Originally published at: https://www.3dtek.xyz/2015/03/19/3dtek-xyz-new-heavy-duty-cnc-router-code-name-heavy-mill/
3Dtek.xyz have been busy prototyping a new heavy-duty hobby CNC router.
We don’t know if it’s a tough hobby mill, or an entry-level shop mill but it does slice up everything we throw in it.
Tired of turning away hobbyists and small shop customers who wanted to work a Shapeoko 2 like it was an industrial mill (because they didn’t have a spare 30-200K for an industrial machine) we decided it was time to develop something that hit the spot for a hobbyist who works with harder materials or a small shop who just can’t justify the big spend yet.
3DTek’s new machine is un-named as yet, but as it weighs a lot in comparison to the Shapeoko and other hobby mills we have around here, its known as ‘heavy mill’ around our shop. The X Axis pictured is 8kg for the rail alone and each linear block is 2 tonne static load rated. As you can see it doesn’t have the Shapeoko’s X Axis flex issue, we’ve made a point of not standing on our Shapeoko 2, though we’re pretty sure it wouldn’t appreciate it as much. We estimate the mill at 75kg’s and climbing so we made its own custom rolling table with braked castors.
Currently the Hobby CNC kit market includes some excellent routers like the Shapeoko 2, The Ox, and the new X-Carve. All of which are difficult to get our hands on in Australia and come with their own intricacies and abilities. We have owned them all (clearly not the X Carve as its not shipping yet but lets call it an upgraded Shapeoko 2) and they are all fantastic. 3DTk coupled our Shapeoko 2 kit with some of the awesome user community developed upgrades and some of our own to make a pretty handy CNC mill, however our Shapeoko 2+ and the others mentioned are perfectly designed to be a cheap entry to hobby milling, they are simply that and not more.
The Heavy mill or whatever it will be know as when its ready for consumption isn’t designed to compete with the cheaper hobby mills so its not better, its a different machine. The parts cost alone for Industrial rail and bearing blocks, heavy alloy extrusions, the t slot bed, 3 phase spindles with variable frequency drives easily exceed the retail cost of a Shapeoko 2 before any work has been done to make it a mill, add electronics, motors, drivers (geckos for this one), pumps and controls etc. The rigidity in its frame and the load capacity of its linear motion exceed these and other hobby mills by maybe 100 times. This along with increased spindle power and spindle bearing load rating is what will make the difference when it comes to cutting at production speeds, running plate alloys and other non ferrous materials. These abilities coupled with G-code controlled water cooling for the spindle and work coolant/lubricant spray for the cut, homing cycles, remote manual spindle speed override and more make short work of jobs the Shapeoko and similar would struggle with. Having Y axis bolted to the bed rather than suspended on feet, and a super strong X axis rail allows this mill to be produced with a full 1200*2400 sheet cutting area without flex issues.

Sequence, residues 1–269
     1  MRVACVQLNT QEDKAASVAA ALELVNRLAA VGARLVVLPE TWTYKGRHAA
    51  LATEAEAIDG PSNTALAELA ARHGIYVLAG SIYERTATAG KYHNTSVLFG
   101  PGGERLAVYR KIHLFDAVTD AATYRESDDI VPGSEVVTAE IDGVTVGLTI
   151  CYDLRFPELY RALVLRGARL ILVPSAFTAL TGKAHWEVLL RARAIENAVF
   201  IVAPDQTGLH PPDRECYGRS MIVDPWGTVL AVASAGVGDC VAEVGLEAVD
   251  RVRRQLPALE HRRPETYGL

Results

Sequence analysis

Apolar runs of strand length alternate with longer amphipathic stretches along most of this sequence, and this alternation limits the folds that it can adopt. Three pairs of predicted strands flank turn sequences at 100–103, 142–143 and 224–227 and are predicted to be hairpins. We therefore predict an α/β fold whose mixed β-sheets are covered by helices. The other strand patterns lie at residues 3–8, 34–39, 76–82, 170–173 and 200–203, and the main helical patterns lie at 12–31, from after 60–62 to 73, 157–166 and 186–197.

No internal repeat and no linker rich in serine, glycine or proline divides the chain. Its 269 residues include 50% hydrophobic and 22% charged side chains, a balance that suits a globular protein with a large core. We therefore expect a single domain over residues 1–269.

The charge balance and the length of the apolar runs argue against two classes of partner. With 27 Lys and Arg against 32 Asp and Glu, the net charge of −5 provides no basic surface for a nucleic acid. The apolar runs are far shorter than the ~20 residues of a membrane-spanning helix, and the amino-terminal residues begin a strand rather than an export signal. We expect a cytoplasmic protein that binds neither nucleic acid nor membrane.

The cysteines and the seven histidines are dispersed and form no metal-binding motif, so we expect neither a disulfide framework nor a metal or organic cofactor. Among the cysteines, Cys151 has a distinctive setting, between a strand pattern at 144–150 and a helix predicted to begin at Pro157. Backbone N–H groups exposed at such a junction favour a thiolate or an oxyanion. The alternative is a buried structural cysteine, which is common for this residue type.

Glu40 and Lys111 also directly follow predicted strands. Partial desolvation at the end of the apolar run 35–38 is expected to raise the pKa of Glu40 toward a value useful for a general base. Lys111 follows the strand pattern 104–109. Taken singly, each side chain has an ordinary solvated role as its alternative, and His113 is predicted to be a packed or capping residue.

So it’s in a different market, we are not looking to compete (with one of our own products;) on price clearly. But we do hope that this machine will bring more capability to a small shop that otherwise might be unaffordable. A small production run of 10 units of this mill kit are underway, with feedback from the couple out in the wild at the moment we have some small updates that we will test out and then it’s ready for sale. 3DTek.xyz plan to release the detailed plans, bill of materials and a part-sourcing guide to the open source community ASAP in the hope that the community can reign in the costs further and add to it in ways we haven’t considered yet.
Anyone with some CAD/CAM experience who would like to put it through its paces is invited to drop in and test it out them selves.
More info on the so-called ‘heavy mill’ soon.